January Round-Up

I believe Chicago Police Superintendent Jody Weis when he stated in the Sun-Times that the motivation behind dropping the test is about racial disparities involved in outcomes.  What I think people are failing to connect with this proposal is the really low number of officers hired over the last couple of years.  Exact figures are very heard to come by from the Department and media accounts over the last couple of years have varied.  Why would the City have an interest in continuing to administer a test when the reality is that there are no plans on hiring large number of officers anywhere in the future?  There is no reason to continue the test especially considering the past and future expenses related to litigation from test outcomes.

 

CPD Entrance Exam

 

The real story is that the city is going to continue to let the ranks of the Chicago Police Department dwindle through retirements and other forms of attrition.  I am not sure if it is a good or bad idea to shrink the size of the Department through this process.  If I thought that the savings would get diverted to social investment that might have the real potential to reduce violence and not get lost in a quagmire of corrupt spending I’d be all for it.

Red Eye & Chicago Homicides (interesting but limited)

It is interesting that a free paper put out by the Chicago Tribune would be the host for this analysis and not the Chicago Tribune itself, but we will leave that to another day.  By Chicago media standards this type of analysis is advanced but is still limited in the depth of the information that is communicated to the public.

Some other pieces of information that would help inform communities:
  • How many of the homicides were cleared (solved) by the CPD?
  • What exactly does it mean when the CPD states that a homicide is “cleared?”
  • How man of those cleared cases result in charges being filed by the Cook County State’s Attorney’s Office?
  • How many convictions were won?
  • Of those convicted, what number of those were sentenced?
  • How does the race, gender, ethnicity, and sexuality of the offender and victim effect how the criminal justice system responds and processes these homicides and the cases that result?
  • How does the location of the crime effect how the system responds?
  • You are getting the idea, right?

The criminal justice system is made up of multiple agencies that can be looked upon as layers.  Each layer should be considered when trying to understand how any other individual layer operates.  This map and the print edition ignore the other layers of data even within the CPD when trying to understand the phenomena of homicides in Chicago.  As CJP grows and expands its reach into data from the criminal justice system, analysis like this one will be exposed for how limited it is in providing community members with an understanding of the criminal justice system.   Siloed information from a single agency within the system is a rather limited way to understand any data set.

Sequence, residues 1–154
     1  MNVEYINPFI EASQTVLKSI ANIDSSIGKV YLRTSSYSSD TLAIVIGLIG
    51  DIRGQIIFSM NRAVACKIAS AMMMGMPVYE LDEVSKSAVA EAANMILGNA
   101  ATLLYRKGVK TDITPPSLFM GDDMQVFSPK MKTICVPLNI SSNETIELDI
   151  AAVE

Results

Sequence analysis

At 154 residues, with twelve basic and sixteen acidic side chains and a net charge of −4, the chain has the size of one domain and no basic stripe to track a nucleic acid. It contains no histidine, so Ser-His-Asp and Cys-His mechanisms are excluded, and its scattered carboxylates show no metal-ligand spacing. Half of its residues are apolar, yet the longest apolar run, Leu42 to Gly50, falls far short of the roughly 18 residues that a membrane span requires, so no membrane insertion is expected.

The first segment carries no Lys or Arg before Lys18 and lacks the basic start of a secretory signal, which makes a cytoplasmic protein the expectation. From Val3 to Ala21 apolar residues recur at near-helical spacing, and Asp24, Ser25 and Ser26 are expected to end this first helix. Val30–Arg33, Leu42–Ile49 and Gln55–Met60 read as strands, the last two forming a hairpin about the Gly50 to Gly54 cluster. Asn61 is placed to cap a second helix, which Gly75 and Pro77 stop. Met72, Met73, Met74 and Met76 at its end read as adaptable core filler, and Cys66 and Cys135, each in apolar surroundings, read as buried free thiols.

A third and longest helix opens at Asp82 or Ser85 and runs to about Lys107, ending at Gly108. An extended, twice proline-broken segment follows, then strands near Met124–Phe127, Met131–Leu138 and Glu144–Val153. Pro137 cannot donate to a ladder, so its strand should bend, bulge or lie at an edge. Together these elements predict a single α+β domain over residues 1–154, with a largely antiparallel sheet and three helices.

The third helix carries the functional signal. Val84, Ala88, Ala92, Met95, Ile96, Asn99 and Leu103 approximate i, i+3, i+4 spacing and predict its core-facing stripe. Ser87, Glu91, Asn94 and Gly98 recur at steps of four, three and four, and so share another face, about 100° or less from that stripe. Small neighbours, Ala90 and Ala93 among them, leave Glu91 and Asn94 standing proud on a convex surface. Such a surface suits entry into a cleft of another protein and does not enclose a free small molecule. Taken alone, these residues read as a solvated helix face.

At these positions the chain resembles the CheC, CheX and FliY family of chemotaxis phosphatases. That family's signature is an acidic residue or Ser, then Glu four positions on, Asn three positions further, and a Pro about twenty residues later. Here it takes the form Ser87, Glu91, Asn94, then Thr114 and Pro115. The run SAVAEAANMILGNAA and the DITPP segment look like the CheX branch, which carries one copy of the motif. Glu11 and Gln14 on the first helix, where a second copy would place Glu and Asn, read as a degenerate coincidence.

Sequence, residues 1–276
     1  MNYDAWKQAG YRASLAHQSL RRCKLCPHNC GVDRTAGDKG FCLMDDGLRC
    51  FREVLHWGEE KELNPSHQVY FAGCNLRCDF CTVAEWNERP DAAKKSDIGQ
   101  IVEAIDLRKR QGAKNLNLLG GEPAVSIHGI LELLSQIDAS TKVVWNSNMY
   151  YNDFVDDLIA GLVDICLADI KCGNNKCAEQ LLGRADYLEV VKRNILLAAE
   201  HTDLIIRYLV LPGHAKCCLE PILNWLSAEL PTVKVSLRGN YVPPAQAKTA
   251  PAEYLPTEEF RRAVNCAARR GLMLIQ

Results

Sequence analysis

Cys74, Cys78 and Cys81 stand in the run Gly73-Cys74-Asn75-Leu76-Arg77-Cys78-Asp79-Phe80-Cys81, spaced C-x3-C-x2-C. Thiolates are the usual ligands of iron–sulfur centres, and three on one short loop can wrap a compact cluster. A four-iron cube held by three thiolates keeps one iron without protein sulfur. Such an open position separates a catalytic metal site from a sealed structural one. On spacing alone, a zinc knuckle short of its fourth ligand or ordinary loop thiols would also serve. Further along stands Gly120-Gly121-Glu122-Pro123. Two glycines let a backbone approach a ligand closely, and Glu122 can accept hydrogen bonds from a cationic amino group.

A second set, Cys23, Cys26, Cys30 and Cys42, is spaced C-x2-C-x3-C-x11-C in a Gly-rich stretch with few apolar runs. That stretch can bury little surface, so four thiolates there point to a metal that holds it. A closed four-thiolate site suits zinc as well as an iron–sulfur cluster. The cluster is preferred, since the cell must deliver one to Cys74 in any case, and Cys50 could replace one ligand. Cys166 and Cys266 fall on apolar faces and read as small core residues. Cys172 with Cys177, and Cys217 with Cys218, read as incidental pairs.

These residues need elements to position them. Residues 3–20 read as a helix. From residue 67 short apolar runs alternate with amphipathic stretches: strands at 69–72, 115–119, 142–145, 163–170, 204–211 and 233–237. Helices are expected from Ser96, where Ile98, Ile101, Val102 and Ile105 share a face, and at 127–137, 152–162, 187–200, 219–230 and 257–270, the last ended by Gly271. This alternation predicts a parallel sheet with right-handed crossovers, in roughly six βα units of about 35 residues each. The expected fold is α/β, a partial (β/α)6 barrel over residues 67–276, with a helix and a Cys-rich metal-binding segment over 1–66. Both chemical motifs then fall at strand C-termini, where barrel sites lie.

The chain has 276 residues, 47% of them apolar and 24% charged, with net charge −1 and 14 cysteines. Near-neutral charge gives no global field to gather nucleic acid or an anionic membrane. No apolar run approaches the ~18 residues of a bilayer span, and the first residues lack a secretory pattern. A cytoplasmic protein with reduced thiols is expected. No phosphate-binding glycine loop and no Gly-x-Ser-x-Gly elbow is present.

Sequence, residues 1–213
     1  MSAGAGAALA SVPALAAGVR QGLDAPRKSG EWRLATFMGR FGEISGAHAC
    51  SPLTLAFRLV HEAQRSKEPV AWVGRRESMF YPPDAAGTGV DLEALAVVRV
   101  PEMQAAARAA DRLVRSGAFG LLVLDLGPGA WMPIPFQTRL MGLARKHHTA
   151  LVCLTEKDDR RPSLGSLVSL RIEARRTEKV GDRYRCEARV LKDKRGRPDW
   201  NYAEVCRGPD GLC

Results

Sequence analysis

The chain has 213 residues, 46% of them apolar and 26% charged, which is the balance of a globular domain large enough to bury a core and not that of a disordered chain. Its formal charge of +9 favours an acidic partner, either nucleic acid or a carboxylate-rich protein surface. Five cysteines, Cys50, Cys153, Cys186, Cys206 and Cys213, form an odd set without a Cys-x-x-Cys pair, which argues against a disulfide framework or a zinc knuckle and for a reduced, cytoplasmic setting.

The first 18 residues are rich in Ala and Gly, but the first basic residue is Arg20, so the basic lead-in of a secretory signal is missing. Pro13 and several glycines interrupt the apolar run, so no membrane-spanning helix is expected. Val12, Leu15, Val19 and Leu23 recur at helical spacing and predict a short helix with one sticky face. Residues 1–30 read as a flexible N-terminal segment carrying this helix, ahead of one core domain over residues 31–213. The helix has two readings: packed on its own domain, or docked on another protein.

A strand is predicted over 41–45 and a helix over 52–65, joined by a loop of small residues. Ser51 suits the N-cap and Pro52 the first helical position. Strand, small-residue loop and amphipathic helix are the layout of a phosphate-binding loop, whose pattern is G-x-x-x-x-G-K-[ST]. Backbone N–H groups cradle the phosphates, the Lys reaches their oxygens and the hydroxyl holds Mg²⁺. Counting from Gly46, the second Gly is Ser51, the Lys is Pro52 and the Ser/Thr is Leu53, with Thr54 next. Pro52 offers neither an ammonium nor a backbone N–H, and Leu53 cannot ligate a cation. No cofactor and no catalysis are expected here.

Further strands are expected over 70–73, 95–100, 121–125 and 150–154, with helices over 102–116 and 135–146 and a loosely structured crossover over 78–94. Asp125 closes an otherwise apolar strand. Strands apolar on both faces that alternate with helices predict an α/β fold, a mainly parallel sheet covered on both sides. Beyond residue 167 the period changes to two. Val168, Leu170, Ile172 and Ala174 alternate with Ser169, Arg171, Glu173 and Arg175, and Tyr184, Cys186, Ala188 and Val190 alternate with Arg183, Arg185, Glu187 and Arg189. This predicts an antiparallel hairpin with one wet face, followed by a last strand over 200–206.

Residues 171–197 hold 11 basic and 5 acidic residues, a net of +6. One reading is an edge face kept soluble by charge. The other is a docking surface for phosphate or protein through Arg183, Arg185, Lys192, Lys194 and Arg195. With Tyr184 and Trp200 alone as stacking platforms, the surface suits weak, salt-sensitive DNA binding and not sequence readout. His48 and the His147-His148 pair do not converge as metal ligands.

CJP Note:  2010 will bring further insight to the homicides in Chicago
on a couple different levels – stay tuned!

FOIA Attack Early & Often

For those that have not heard about the attack on the recent new FOIA law (passed last summer and went into effect this Jan 1st) you are not alone.  Unfortunately, a law that started off as a stronger bill than its predecessor has been slowly but surely gutted while no one was looking.  Recently the Illinois General Assembly did just this when it approved (Public Act 096-0861 – copy provided below).  This bill dictates that evaluations of teachers, principals, and superintendents, are exempted from disclosure under Illinois’ Freedom of Information Act.  Why?  Mainly because the teacher unions wanted this provision, you know the feeling.  Why would you want the people you are serving being able to see how you are performing your job?  Hell, they might feel like someone else can do it better than you.  This action has come from our “new open and transparent” General Assembly and Governor.  I wonder what an administration and General Assembly would look like that was against transparency?  Hmmm……….I have a feeling it would look awfully similar.

Tracy has nearly two decades of experience researching and working within criminal justice systems. When Tracy began pursuing a career dedicate to system reform, he found that no single organization existed to promote evidence-based discussions among law enforcement agencies and the communities they serve. Recognizing that citizens in Chicago deserved the right to demand transparency in their criminal justice system, Siska established the Chicago Justice Project. He received his Master of Arts degree in Criminal Justice at the University of Illinois at Chicago.

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